In Town: “I have been working for Sho-Me Power Electrical Cooperative in Marshfield, Mo., for 21 years now. The first nine years working for Sho-Me I was a lineman and then I started working as a substation mechanic. As a substation mechanic I drive around to different substations in Missouri, and prepare routine preventative maintenance on transformers, high voltage breakers and related equipment.”
Are there any challenges?
“Keeping up with new technology can be pretty challenging. When I started working at Sho-Me we didn’t have computers and now we don’t go anywhere without one. Another challenge is the thought of having to be constantly aware of your surroundings. We work around very high voltage every day and one simple mistake can cost someone their life.”
In the Country: “My wife and I own a patch of land just outside of Marshfield where we raise Holstein steers. I wanted to find something that would not be too time consuming because of my job so I started buying weaned Holstein steers and raising them to market weight. I buy all of my weaned calves from local farms and when they are the right weight I will take them to the sale barn. I run anywhere from 50 to 70 head and as long as there is enough grass I don’t try to feed any grain but I keep good loose mineral and salt out. During the winter months I feed haylage and liquid mineral. To keep a good stand of grass in my fields I try to rotate my cattle often leaving one field open at all times.”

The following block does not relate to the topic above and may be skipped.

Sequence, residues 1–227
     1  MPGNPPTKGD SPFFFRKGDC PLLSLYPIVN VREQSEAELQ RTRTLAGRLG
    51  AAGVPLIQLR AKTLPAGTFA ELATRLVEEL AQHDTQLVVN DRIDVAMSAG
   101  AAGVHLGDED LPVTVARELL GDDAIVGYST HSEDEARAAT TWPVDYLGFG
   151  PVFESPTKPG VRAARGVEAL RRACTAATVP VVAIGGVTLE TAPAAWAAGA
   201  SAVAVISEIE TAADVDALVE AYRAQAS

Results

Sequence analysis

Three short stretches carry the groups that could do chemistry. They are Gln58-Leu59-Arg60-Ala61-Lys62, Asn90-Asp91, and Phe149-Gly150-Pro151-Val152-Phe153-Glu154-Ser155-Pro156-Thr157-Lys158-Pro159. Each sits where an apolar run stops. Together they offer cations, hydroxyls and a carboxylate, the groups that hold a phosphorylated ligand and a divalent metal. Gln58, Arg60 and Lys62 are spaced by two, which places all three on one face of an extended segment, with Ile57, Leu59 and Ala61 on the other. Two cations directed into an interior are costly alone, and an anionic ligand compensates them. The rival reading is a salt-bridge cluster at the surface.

Why did you start farming?
“When I was young my family always had some sort of livestock to take care of and for a while my brothers and I raised bottle calves. Once I got older I joined the Marine Corps so I didn’t have time to farm. After the Marines I started working at Sho-Me but I also wanted to start raising cattle again. So when I got the opportunity I bought some land and a few cattle and that’s where it all began.”